Jean Desbordes (May 3, 1906 – July 6, 1944) is a French writer and poet. He died in Paris on July 6, 1944 , tortured by the Gestapo.
He was born in Rupt-sur-Moselle (Vosges) on May 3, 1906 into a Protestant family. He attended the primary school of Rupt-sur-Moselle, then the college of Remiremont . A brilliant student, he passed his baccalaureate. Until 1925, he lived in the countryside. Apart from his mother, his sisters and his animals, he sees no one.
In his loneliness, he comes across a book by Jean Cocteau, Le Grand Écart. Passionate about this writing, he sends him a letter under the pseudonym "Jean De List" with some leaflets that he himself wrote. Jean Cocteau replied: "Your fire sets the pages on fire ... Calm down ..." In July 1926, he becomes Jean Cocteau's secretary and maintains a romantic relationship with him. Jean Cocteau makes a series of portraits of him. They will be exhibited with illustrations for Œdipe-Roi and published in 1929 to 213 copies under the title 25 dessins d'un dormeur representing him asleep in sailor's suit. After seven years together, he leaves Cocteau and settles with his mother and his sister. He gets married on August 12, 1937 with Madeleine Peltier.
Jean Desbordes wrote in June 1928 the poetic essay J'adore prefaced and launched by Jean Cocteau; he even reserves a role in the film in his film Le Sang d'un poète, made in 1930.
He published among others Les Tragédiens, a novel in 1931, La Mue, a play in 1935 played three years later at the Comédie-Française under the title of L'Age Ingrat and Le Vrai Visage du marquis de Sade in 1939.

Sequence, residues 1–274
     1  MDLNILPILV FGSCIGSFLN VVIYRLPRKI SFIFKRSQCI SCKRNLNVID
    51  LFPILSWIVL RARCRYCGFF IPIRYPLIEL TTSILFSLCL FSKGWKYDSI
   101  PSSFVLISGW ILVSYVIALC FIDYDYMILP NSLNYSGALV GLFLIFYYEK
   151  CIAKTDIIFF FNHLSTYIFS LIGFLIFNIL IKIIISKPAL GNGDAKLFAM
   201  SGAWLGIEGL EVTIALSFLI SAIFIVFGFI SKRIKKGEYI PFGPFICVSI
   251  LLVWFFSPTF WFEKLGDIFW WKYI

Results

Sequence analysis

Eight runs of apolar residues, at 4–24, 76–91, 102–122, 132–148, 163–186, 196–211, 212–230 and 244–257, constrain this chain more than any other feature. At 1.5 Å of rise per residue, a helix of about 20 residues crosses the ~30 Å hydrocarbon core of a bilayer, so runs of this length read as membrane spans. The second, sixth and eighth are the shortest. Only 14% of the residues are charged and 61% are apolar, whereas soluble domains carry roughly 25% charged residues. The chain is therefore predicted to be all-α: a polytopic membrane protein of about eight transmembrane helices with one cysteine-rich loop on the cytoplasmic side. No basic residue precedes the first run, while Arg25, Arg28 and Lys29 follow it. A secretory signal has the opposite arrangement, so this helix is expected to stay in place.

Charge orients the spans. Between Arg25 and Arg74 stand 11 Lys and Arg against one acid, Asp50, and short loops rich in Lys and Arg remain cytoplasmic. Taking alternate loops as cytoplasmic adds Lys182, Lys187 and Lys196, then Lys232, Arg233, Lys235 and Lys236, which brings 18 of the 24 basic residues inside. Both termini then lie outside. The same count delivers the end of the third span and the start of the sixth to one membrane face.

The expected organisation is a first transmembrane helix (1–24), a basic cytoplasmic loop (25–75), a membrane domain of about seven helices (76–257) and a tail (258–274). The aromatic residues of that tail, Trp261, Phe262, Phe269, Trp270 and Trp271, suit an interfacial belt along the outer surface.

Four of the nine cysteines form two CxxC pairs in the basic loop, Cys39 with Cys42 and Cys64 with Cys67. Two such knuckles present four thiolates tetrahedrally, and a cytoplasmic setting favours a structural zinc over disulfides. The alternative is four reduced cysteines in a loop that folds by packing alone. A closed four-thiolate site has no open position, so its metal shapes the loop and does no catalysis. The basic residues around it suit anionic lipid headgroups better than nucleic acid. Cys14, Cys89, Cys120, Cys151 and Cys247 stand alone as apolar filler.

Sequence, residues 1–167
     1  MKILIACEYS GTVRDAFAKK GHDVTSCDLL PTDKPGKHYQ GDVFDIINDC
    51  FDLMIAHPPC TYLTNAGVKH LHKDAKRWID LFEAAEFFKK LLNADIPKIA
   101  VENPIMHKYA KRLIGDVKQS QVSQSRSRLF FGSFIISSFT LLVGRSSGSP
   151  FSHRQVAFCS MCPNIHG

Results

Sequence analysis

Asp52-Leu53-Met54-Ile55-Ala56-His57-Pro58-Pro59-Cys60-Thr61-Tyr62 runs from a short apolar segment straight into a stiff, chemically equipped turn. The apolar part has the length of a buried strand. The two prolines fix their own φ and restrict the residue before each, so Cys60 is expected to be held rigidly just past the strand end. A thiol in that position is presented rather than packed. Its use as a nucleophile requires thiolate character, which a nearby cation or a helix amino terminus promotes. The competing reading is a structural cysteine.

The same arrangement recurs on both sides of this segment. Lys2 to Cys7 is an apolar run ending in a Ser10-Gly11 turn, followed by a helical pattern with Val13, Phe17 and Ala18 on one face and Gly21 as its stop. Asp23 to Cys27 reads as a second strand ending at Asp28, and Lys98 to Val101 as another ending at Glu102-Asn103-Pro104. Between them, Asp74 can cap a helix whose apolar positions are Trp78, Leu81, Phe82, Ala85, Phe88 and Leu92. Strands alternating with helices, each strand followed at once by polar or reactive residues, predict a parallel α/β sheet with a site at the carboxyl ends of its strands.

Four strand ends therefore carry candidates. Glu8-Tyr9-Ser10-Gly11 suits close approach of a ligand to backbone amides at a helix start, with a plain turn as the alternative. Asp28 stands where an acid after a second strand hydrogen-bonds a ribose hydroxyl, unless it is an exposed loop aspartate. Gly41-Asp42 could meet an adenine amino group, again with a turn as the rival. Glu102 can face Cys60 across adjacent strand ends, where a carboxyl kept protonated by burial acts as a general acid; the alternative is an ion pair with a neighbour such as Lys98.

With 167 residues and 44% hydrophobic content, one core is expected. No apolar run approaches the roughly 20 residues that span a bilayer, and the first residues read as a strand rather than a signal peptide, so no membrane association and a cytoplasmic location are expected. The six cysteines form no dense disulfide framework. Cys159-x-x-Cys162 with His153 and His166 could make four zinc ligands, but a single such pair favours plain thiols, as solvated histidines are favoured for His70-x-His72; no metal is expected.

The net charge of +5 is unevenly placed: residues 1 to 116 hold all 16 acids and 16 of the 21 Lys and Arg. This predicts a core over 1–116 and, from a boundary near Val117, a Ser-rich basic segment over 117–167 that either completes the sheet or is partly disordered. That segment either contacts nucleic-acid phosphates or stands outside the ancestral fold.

He was received at the Société des gens de lettres on April 27, 1938.
Under the German occupation, Jean Desbordes enters resistance to the Intelligence Service of the F2 network under the pseudonym of Duroc. He directs the F2 Marine Network which monitors the maritime movements of the Channel, from the underwater bases, but also the arsenal, the fortifications and the airfields of Cherbourg. The information transmitted by the Marine Network F2 contributed to the success of the Allied landing of June 1944 in Normandy.
But German surveillance is tightening and July 1944 he was arrested with 26 other members of the French-Polish F network. On July 5, 1944 , he was tortured by the French auxiliaries of the German police (Gestapo) led by the German Friedrich Berger, at 180 rue de la Pompe, in Paris. He died under torture without speaking on July 6, 1944.
He is posthumously decorated, as Wlodzimierz Kaczorowski, Golden Cross of the Military Order of Virtuti Militari. His name is engraved in the Pantheon in the list of writers who died for France during the 1939-1945 war.